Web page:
Americans tend to hold out their over-the-top fireworks displays for 4th July, or Independence Day.

Cooking sausages on a bonfire

Where to Watch Fireworks in London on Bonfire Night

This capital city has some of the best fireworks around and whatever area you’re in, Bonfire night in London will be one to remember. This bizarre annual festival takes over the city as the parks become hot spots for pyrotechnics.

Victoria Park

If you’re in the east on the 3rd November, head over to Victoria Park for one of the last free fireworks displays in London. This year’s theme honours the 50th anniversary of Apollo 11’s first moon-landing voyage with sparkling visuals and a themed soundtrack, and expect mulled wine and delicious food stalls. The fireworks kick off at 7:00pm.

Crystal Palace

Unfortunately this years’ Crystal Palace fireworks have been cancelled. Sadly their licenses were rejected by Bromley Council and the 14 year old tradition will not take place this year!


Alexandra Palace

Up in the north of London, Alexandra Palace will be putting on a similarly impressive ticketed bonfire night show. Probably the biggest bonfire show in London, this two day festival over the 1st and 2nd November will showcase live music, the UK’s largest Bavarian Bier festival, some cult classic films at the Luna Cinema and of course, the fireworks!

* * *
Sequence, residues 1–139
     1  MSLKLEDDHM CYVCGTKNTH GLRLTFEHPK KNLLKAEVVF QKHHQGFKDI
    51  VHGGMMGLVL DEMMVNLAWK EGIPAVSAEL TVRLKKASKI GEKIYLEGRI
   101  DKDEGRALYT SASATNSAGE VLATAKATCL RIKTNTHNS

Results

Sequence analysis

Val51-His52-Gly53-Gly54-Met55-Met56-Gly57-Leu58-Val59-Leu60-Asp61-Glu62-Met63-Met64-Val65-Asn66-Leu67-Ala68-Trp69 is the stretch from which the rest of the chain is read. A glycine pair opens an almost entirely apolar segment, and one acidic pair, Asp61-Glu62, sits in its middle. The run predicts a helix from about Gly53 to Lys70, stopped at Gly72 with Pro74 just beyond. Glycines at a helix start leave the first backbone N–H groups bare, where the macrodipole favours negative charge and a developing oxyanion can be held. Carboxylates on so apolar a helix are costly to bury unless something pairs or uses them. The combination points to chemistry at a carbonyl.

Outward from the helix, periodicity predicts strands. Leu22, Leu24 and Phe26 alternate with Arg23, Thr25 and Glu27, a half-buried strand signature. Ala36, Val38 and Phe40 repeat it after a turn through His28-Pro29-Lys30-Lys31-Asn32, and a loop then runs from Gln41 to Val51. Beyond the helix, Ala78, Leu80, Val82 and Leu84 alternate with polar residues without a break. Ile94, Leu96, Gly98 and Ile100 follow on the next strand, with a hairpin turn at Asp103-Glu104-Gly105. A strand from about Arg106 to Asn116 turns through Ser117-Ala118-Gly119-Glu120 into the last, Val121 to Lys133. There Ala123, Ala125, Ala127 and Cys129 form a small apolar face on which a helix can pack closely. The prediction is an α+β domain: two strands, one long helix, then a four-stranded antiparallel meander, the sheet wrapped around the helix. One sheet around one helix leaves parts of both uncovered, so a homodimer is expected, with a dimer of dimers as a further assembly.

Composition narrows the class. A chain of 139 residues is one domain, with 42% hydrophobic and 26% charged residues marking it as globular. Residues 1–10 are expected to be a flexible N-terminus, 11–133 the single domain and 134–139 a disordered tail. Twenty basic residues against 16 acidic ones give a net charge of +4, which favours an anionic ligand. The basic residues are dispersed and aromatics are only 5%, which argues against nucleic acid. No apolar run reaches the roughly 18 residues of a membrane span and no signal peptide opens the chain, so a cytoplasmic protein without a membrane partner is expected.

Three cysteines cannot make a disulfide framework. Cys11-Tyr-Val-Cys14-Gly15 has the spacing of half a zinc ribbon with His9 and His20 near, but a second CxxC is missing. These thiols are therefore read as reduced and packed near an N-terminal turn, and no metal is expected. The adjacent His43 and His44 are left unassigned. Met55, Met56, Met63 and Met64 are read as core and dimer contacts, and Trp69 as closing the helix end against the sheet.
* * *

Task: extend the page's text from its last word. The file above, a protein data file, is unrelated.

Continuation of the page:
Battersea Park

South-west London sees Battersea Park lit up on the 2nd November at 6pm with their 50,000 person strong celebrations. A 22-minute fireworks display finishes an evening of street food, drinks and preshow entertainment but fear not, there are still tickets to the after party! So remember that there is no entry after 8 and all the stalls are cash only, and under 10’s go free!

How Do People Celebrate Bonfire Night?

This historic evening is still celebrated 400 years after the Gunpowder Plot was foiled, in many weird and wonderful ways.

Bonfire Night Traditions

We’ve touched on a few above but just in case you think some sort of apocalypse is underway, it is totally normal for the more eccentric revellers to make effigies of Guy Fawkes and burn them on bonfires. Check out the Edenbridge bonfire, which incorporates a ten metre tall effigy which takes the form of an unpopular celebrity who in the past have included Katie Hopkins and Donald Trump.

Some strange local traditions also go on at this time of year like the residents of Otter St. Mary, who strap flaming barrels doused in tar to their backs and run through the town until the barrels fall apart, or they can’t take the heat.

Wassailing is a popular phenomenon in the West Country and involves an enthusiastic group of people pouring cider on the roots of apple trees to ensure a successful crop and dipping bread in cider and hanging it from the branches to ward off evil spirits.

Crowds watch a bonfire